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After spending seven months writing content and managing development for a new website for GeoEngineers, I was ecstatic when the site launched today.

Taaa-daaaaa! I’m very proud of the end results of my first really big website experience, and even more glad that it’s done at last. (My brain is toast.)

“Done” is relative when it comes to websites, it turns out. When I managed print projects, there always came a moment when they were, in fact, done: printed, folded, boxed and delivered. My print-related friends know how much I loved the tangibility of holding a finished printed product in my hands and examining it. I could assess its successes, learn from its flaws, and call it good.

But websites aren’t finite or tangible, and I am learning that they don’t really wrap up in the same way print projects do. I had already received suggestions for major design revisions and additions before the thing had even hit the street!

Read more about applying print skills to the web →

Another Printing Disasters—and How to Avoid Them story…

Over the weekend I bought an Apple iPod Shuffle to use at my new writer’s desk. I could hardly wait to unwrap it and start using it!

Apple’s industrial design choices were smart and beautiful, as usual. The iPod came in a sweet little clear plastic cube, sealed with clear plastic tape with a subtle arrow that showed me how to unwrap it. Inside the box, the iPod sat on a little tray, beneath which were the earbuds, a USB cable, and a booklet labeled, “start here.”

Every customer action had been thought through, so taking the components out of the box was like unwrapping a specially wrapped gift. Lovely!

I did not love the instructions, though. They were extremely minimal and were set in tiny type. Nowhere in the booklet did it say, “For complete instructions, go to: support.apple.com/manuals/ipod.”

If I need a magnifying glass to read the instructions, they are too small!

Instead—on the very last page—it said, “For important safety and instructional content, see the user guide: support.apple.com/manuals/ipod.” Instructional content? What is that? As usability expert Steve Krug says, “Don’t make me think!”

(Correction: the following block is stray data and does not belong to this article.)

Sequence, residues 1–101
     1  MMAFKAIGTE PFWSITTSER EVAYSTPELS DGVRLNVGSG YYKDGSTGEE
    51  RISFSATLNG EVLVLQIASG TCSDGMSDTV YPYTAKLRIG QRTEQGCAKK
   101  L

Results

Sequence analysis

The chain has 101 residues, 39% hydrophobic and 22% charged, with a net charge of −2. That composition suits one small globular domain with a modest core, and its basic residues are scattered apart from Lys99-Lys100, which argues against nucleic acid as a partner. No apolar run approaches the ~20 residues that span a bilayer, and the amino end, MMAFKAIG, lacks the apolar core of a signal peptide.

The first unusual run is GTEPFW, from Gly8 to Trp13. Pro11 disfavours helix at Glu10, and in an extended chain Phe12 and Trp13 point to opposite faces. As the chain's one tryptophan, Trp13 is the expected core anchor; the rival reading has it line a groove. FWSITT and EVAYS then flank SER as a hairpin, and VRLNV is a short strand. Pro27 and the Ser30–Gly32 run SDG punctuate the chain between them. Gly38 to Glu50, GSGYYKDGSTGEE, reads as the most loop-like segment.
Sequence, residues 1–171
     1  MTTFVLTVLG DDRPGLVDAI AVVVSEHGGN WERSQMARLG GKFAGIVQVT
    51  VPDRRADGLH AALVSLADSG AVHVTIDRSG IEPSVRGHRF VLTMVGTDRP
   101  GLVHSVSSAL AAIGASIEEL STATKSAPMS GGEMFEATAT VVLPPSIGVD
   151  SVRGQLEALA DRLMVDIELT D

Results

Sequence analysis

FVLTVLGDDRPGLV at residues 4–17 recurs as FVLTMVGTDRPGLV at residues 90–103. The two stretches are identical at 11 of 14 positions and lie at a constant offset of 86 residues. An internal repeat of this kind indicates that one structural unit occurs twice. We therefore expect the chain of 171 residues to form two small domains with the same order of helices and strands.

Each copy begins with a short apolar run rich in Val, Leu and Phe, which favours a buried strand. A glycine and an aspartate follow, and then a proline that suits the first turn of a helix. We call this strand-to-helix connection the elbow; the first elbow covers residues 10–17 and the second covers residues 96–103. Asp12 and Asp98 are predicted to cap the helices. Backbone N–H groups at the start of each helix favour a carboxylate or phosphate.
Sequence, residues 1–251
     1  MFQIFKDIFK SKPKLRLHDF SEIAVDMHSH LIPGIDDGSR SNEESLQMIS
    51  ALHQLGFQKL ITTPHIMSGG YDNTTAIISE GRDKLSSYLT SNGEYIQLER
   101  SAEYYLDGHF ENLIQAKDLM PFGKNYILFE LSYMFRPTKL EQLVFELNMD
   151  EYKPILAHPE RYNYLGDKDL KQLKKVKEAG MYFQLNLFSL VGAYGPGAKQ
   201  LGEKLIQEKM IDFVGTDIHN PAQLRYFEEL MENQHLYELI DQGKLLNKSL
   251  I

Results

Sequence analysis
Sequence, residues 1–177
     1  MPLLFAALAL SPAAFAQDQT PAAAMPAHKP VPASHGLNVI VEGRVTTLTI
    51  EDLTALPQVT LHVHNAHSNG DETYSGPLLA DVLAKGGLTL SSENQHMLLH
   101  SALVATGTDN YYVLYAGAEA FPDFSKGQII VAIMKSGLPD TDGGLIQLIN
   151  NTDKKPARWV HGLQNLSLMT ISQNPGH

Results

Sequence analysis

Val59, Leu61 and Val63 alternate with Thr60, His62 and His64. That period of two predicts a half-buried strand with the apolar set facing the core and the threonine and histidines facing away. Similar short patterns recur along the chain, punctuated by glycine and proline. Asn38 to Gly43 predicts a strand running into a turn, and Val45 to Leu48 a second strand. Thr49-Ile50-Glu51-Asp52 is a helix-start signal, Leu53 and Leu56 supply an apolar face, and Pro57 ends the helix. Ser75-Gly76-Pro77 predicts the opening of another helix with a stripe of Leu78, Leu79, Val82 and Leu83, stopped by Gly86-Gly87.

Read more about not frustrating your audience →

Path? What path?

Three years ago, I quit my job with the aim of landing work as a print production manager in a creative firm again.

There was just one problem: My liberation, the decline of the print industry and the country’s near-Depression were about to collide.

Design firms laid off staff and eliminated print manager positions. My job hunt became disheartening and seemingly endless, interrupted only by welcome independent projects and contract work.

As my many unemployed friends underwent vocational re-training for replacement careers, I wondered if I’d ever have an “ah ha” that would reveal a new path for me, too.
Read more about career evolution →

Another Printing Disasters—and How to Avoid Them story…

I think I’m pretty good at writing instructions. Not long ago when I ordered some items online, I wrote these:

Seems simple, right? But here’s what the shipper wrote on the carton:

Ha ha! Not exactly what I thought I had asked for (but admittedly, it was BIG).

As I recycled the box, I mused about how easy it is to think we’re giving clear instructions when, really, we’re not. And in this electronic era when people communicate face-to-face or voice-to-voice much less often, more weight than ever falls on clearly asking in writing for what we want.

Read more about clear instructions →

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